A FAMILY have said their 19-year-old daughter might still be alive if doctors had taken her symptoms seriously.
Amelia Ellerbee, 19, waited more than a year to see a GP before discovering she was pregnant cancer.
The bright teenager was admitted to the emergency room and a scan revealed she had stage four cancer which had spread “to her entire upper body”.
She died weeks after being diagnosed in June this year, her family said.
Her aunt Claire Handshaw, 37, who has looked after Amelia since she was 15, said doctors had “let her niece down”.
She said: “I feel the doctors have let Amelia down by not taking it seriously.
“I believe that a lesson should be learned so that other people do not experience the same thing.
“It was devastating because even though she was my niece, she was like a daughter because she lived with me. We were very close.
“It was like losing a child. And this probably shouldn’t have happened.
“I don’t think they took it seriously at all. I think if he had been taken earlier, things would have been different.”
Amelia was found lump of 50p per waist last February.
Claire, team manager at Morrisons, from York, said: “You couldn’t see the lump, you could just feel it inside.”
Claire claims the teenager tried to book an appointment at her surgery – the Priory Medical Center in York.
But I’ve just been told that she’s been put on a waiting list for testing.
Claire said: “They called her and asked her over the phone how big the bump was.
“Then they told her they would refer her for a test but it could take up to six months because of the Covid there is a bit of a wait.
“After that, about six weeks later, she contacted them again and they just put her on antibiotics without even seeing her.”
Claire claims that although Amelia phoned her local branch about the problem every six weeks, she was repeatedly told to wait more than a year for scans.
She later said Amelia was so worried she even called an ambulance but was told she was “wasting her time” if she went to hospital.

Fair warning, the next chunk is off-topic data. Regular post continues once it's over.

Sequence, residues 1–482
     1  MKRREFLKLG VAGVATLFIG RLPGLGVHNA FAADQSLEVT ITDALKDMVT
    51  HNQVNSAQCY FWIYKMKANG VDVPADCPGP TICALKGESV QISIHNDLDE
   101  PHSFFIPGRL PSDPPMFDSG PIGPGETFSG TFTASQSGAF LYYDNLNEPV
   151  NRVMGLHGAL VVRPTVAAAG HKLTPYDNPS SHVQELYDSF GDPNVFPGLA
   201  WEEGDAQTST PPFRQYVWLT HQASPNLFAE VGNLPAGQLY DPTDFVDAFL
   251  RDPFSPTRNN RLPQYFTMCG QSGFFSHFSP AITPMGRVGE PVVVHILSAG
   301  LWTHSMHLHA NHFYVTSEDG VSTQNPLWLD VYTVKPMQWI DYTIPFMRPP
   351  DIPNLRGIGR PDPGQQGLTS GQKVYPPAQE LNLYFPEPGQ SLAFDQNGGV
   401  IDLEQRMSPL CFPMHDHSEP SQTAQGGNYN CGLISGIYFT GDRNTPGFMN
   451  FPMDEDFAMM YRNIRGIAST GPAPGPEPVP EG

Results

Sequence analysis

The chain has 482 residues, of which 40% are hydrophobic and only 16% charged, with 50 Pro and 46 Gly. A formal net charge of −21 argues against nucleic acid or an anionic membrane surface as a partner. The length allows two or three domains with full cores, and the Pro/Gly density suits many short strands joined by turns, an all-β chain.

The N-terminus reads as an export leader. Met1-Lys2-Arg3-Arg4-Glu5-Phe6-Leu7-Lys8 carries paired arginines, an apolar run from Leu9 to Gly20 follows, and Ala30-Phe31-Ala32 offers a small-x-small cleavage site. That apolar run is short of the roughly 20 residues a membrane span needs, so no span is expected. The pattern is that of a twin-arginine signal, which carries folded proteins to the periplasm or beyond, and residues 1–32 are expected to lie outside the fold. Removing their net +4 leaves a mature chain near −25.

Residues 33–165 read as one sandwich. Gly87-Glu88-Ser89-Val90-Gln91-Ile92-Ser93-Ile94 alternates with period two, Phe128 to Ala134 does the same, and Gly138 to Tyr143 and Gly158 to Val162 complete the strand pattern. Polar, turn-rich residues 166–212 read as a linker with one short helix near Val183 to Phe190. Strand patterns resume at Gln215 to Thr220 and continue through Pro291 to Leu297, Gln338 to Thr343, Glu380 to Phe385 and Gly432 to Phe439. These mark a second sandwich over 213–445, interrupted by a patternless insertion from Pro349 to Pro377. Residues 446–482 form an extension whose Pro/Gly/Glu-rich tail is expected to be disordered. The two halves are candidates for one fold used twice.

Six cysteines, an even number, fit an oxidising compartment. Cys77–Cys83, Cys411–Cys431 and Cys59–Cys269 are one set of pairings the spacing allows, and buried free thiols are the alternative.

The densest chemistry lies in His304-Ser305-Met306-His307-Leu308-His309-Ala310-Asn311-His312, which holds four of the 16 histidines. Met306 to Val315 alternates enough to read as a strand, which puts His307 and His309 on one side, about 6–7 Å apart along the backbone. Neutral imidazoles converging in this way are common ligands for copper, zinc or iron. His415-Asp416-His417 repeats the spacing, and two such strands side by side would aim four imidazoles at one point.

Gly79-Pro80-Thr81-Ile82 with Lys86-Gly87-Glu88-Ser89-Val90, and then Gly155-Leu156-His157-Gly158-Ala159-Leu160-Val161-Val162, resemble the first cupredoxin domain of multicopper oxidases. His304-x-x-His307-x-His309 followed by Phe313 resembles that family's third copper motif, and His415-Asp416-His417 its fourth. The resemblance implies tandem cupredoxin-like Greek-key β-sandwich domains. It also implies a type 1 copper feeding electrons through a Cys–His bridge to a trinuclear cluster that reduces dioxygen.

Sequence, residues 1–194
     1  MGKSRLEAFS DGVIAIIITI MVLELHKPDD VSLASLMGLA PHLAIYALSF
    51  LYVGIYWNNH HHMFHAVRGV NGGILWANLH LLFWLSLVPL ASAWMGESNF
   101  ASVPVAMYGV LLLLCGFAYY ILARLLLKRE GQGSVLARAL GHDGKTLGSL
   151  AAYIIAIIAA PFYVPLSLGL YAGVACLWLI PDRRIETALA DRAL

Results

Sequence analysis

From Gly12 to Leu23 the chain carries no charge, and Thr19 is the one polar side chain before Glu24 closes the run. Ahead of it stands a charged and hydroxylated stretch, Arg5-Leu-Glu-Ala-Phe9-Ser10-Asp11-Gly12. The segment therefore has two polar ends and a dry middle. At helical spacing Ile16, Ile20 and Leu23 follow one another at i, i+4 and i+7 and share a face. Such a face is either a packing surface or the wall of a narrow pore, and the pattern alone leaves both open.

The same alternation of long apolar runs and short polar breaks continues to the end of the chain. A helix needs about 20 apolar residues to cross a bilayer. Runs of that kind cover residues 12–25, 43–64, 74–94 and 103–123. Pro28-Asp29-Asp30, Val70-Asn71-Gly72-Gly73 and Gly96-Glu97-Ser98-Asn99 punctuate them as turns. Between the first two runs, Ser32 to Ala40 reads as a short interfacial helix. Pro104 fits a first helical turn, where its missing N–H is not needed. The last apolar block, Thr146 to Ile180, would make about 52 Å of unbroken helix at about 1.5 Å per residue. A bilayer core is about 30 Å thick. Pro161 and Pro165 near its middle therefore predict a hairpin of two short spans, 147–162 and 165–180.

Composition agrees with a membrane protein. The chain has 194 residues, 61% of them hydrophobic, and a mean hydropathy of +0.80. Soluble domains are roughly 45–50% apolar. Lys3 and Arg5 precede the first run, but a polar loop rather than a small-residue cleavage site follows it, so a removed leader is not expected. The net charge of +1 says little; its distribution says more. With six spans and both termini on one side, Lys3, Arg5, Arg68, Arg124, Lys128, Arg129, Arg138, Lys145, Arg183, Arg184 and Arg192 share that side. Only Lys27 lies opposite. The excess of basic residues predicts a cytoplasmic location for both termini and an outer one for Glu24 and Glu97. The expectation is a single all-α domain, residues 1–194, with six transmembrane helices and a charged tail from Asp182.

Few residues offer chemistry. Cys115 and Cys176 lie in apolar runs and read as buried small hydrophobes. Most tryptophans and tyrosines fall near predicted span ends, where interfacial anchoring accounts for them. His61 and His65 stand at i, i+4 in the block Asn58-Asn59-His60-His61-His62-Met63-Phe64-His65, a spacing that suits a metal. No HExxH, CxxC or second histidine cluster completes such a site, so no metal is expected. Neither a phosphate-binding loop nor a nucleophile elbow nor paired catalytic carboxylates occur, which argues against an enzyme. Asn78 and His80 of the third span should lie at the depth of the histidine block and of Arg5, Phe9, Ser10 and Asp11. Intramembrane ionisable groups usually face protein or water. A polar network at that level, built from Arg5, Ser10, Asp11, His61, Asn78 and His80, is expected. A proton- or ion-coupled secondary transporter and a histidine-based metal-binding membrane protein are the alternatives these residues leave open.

Claire said: “Eventually at some point she did call 111 and they sent an ambulance to her – the paramedics came.
“But even they told her that if she went to the hospital, she would lose time and be sent home, so she didn’t go.”
Claire said Amelia eventually saw a GP in person in March this year, a year after finding the lump.
The doctor found a 10cm (4in) by 3cm (1in) lump on Amelia’s lower back.
No one deserves to lose their life at this age. They didn’t live their lives, really.
Claire said: “After she went to the doctor her pain started to get worse. So we thought it was from pushing and poking.
“Then a couple of weeks after that it got really big and was the size of a hand sticking out of her back. Overnight, it went from a small lump to a massive one.
“The pain got worse so we had to go to A&E for a CT scan and then she was referred to Leeds Infirmary where we confirmed the news.”
Doctors told Amelia that she had stage 4 terminal cancer diagnosed with metastatic soft tissue sarcoma.
Soft tissue sarcomas can affect blood vessels, deep skin tissues, muscles, tendons, and ligaments.
They can occur at any age, with 4,300 people diagnosed each year in the UK, but are most common in older people.
A scan initially found a mass in Amelia’s lung, and later tests revealed the cancer had spread to her stomach lining, liver and lymph nodes.
Claire said: “It was around May 18 when we were told she had a couple of months to live.
“And then at the end of May she had another scan and they said because of how fast things were going, we’re now looking at weeks instead of months.”
She added: “Amelia was upset and angry. Obviously, we started out thinking the news would be bad, but we really didn’t expect it to be as bad as it was.
“It wasn’t until she went to Leeds that they said it wasn’t just in her lungs and back – it was basically all over her upper body.
“Nobody deserves to lose their life at that age. They really haven’t lived their lives.”
Amelia died on June 12 this year, just weeks after doctors gave her the devastating news that her diagnosis was terminal.
Amelia’s GP and NHS Vale of York CCG, which handles primary care in York, said they could not comment on individual cases.
But a spokesman for York and Scarborough Teaching Hospitals NHS Foundation Trust said: “Our condolences go out to Amelia’s family at this terribly sad time.
“The way appointments and priorities are assigned for diagnostic procedures such as scans depends on the nature of the referral we receive from either a GP or a clinician in the hospital.
“If a referral is made to investigate a potential cancer, it is fast-tracked and will be done quickly, usually within two weeks.
“We have continued to receive prompt referrals and support this service throughout the pandemic.
“Early detection and diagnosis of cancer is incredibly important and we encourage anyone with any concerns to contact their GP as soon as possible.
“We also encourage Amelia’s family to contact us if they have any questions about the help she has been receiving.”